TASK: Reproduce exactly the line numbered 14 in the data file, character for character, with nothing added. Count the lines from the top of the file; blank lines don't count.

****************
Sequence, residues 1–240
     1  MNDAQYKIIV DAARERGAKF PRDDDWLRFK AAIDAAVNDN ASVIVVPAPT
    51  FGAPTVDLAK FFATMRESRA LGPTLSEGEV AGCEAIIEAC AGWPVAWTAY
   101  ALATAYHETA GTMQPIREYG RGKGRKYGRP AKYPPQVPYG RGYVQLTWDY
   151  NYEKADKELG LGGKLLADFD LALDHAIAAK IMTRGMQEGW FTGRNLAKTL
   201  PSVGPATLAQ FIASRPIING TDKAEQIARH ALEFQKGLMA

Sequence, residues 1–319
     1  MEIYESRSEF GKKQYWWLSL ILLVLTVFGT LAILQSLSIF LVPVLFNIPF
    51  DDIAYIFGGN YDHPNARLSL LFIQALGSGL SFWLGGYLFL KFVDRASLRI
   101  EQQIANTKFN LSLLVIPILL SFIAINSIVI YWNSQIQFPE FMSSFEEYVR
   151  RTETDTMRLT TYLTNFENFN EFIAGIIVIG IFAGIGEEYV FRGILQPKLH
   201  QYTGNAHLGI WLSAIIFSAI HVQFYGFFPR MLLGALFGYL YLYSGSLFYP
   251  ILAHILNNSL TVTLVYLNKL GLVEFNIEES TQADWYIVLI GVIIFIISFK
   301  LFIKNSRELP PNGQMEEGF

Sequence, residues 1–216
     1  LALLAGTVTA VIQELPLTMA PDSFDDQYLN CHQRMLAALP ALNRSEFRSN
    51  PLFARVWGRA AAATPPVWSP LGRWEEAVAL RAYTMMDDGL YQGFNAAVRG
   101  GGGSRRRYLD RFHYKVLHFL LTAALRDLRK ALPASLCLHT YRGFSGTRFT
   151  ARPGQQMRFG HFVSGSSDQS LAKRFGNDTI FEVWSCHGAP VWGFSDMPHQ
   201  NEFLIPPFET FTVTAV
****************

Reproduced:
   301  LFIKNSRELP PNGQMEEGF